It’s unquestionable that customer satisfaction is crucial to the success of a business. Satisfied customers are more likely to do business with you again and recommend your products and services to others. What is less clear is how to increase customer satisfaction, efficiently and effectively.
Enter the Kano Model. The Kano Model is an analysis tool used to identify the features of a product or service that would add to customer satisfaction. We’ll explain how the Model works and why it’s a valuable tool for increasing customer satisfaction.
What is the Kano Model?
The Kano Model is a framework for prioritizing features that will satisfy customers that was developed in the 1980’s by Professor Noriaki Kano of Tokyo Rika University. Companies quickly adopted it because it provided a systematic way to rank and prioritize features to successfully increase customer satisfaction. It is also useful for identifying the cause of low customer satisfaction and opportunities for improvement.
How does the Kano Model work?
Kano analysis classifies the features of a service or product into different categories that can be prioritized to maximize customer satisfaction:
1) Dissatisfied: These are the 'bare essentials.' If they are not achieved, customer satisfaction will be negatively impacted. However, even if there is a high degree of achievement, customer satisfaction will never be above neutral.
For example: When you fly with luggage, you expect your luggage to arrive at the destination with you. However, if the luggage has not made it, you will be (very) dissatisfied.
2) Satisfied: These are elements that are not absolutely necessary but increase customer satisfaction. 'The more the better' or 'The quicker the better.'
For example: You get off the plane, arrive at the conveyor belt and can already spot your luggage there.
3) Delighted: These are the nice surprises for the customer. If the customer gets more than expected, satisfaction will be enhanced. However, as this was not expected, they would not miss it, if it wasn’t there.
For example: If you have booked an economy flight and you are upgraded to business class.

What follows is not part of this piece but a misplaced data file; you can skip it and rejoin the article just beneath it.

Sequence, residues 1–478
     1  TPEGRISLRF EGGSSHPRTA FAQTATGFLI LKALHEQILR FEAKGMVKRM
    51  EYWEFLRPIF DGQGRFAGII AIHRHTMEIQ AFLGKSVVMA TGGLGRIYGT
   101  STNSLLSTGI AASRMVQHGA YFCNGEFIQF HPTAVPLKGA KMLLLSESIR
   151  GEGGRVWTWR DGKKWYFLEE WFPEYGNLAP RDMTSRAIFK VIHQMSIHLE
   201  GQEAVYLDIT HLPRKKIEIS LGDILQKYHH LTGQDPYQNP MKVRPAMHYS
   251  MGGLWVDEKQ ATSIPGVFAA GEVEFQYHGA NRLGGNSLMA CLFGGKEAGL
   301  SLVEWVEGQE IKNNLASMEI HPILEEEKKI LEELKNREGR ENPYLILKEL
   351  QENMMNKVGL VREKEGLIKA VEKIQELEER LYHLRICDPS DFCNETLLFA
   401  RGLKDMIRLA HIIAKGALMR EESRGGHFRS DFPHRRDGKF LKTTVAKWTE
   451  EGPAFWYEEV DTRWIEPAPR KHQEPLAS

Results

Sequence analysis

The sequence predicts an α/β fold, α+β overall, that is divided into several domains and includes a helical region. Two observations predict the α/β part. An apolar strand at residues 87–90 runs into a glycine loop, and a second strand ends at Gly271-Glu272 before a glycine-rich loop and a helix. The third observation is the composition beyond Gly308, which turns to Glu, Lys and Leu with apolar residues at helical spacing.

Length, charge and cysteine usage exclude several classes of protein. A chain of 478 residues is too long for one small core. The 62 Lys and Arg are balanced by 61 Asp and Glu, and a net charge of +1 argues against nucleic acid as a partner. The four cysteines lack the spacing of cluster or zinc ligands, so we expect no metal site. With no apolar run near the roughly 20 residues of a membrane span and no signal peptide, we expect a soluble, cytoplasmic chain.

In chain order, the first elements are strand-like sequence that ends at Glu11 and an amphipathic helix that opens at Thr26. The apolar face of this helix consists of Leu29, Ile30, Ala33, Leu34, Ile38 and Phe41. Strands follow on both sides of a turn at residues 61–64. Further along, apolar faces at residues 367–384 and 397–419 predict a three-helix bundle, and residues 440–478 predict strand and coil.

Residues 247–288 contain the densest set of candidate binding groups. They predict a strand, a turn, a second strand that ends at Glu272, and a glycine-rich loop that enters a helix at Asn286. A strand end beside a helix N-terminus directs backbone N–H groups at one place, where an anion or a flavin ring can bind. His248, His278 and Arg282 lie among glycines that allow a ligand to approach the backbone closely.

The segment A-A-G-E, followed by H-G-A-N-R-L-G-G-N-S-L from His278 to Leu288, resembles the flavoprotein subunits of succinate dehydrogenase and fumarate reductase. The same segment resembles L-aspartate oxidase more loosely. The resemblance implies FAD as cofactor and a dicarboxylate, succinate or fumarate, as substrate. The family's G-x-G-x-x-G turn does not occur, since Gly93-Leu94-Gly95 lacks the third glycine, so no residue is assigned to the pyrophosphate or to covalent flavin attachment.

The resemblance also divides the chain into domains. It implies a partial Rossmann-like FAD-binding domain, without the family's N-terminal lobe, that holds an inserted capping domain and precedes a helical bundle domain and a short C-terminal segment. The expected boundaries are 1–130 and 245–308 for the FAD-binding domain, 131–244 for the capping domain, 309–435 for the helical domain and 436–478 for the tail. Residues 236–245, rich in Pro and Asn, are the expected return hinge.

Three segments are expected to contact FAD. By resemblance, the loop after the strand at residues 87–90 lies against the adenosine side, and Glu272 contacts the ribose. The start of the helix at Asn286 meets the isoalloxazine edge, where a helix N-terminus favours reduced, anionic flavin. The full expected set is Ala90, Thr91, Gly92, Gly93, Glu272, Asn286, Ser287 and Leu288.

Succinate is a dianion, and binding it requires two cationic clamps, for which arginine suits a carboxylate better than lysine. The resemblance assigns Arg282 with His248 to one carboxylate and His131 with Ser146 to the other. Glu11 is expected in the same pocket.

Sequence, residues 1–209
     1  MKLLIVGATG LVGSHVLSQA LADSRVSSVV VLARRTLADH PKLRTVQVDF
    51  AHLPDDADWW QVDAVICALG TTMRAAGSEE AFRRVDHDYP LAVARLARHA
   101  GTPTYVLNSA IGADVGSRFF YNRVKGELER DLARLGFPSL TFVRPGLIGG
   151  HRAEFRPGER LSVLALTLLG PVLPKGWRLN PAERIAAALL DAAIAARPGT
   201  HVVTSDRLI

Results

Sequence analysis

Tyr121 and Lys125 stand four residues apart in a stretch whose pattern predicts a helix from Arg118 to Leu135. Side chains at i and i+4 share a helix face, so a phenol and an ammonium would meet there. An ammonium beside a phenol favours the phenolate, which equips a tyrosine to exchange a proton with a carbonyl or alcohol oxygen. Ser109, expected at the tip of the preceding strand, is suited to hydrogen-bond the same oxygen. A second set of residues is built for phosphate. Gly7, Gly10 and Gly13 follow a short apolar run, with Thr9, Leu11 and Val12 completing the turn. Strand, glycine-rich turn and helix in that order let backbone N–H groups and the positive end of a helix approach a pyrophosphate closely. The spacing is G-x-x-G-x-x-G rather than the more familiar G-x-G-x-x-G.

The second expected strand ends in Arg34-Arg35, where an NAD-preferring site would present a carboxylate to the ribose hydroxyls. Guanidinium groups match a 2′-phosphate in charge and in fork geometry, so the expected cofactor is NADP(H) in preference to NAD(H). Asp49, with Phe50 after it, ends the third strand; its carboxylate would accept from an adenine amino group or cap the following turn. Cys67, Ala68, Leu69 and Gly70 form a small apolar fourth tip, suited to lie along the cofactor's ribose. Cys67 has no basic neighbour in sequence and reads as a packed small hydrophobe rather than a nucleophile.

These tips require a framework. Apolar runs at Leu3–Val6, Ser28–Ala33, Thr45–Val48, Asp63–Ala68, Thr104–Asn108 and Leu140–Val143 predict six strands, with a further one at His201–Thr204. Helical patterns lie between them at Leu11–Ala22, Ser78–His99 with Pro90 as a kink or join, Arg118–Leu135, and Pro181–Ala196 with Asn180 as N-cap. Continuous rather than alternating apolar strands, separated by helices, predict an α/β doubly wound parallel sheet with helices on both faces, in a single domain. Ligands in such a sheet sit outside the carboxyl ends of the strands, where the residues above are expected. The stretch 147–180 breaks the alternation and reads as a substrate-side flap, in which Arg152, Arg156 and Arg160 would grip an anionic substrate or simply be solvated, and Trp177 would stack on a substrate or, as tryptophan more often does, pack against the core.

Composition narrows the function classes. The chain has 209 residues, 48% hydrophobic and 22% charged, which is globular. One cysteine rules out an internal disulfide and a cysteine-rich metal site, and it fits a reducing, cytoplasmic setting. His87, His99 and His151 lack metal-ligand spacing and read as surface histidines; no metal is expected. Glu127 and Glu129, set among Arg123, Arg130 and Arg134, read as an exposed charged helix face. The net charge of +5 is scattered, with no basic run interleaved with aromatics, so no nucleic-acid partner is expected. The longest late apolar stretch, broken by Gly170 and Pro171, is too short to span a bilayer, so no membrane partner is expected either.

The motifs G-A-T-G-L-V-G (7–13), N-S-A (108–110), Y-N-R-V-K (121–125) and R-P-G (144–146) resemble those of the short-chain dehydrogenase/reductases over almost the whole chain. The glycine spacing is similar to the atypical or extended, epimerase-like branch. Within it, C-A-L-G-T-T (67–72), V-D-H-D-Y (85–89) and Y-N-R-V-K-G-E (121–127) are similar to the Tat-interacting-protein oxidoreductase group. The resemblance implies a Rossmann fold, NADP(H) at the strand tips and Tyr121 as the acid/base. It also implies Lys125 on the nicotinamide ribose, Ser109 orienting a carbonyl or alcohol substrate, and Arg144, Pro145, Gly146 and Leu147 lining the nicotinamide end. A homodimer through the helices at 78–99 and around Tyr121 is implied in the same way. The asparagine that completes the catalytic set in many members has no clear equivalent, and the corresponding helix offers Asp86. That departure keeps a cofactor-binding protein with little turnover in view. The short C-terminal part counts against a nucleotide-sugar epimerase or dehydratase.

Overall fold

4) Neutral: These are elements that rarely affect customers or they’re unlikely to notice.
For example: The shape of the controls on the luggage conveyor belt has no impact on product function and will never be seen by the customer.
5) Frustrated: When customers dislike a feature and prefer not having it.
For example: An airline provides an in-flight menu but the limited options actually lower customer satisfaction.
Grouping service or product features according to these categories will make it clearer which features to focus on improving for maximum impact. An airline, for instance, might use these insights to prioritize fixing pain points in its luggage handling system instead of upgrading more customers.
The Kano Model in action
Knowledge management, performance management, accurate timekeeping, coaching, training, professional development and communication are all essential to employee satisfaction. Now, imagine all of these elements not only available but accessible in one central location, a hub for employees to get where they need to be and find the information they need immediately.
Using the Kano Model to understand the impact of each element on employee satisfaction, TTEC is building an insight-driven internal tool for employees that does exactly that with several Delighters mixed in. The objective is a happier, healthier, more engaged employee population who will provide best-in-class service to our clients and our clients’ customers.
Satisfied customers are a boon for any business but it’s not always apparent what drives customer satisfaction. The Kano Model is a valuable addition to a company’s customer experience toolkit, enabling companies to systematically identify the factors that affect customer satisfaction and deploy them efficiently and effectively for maximum results.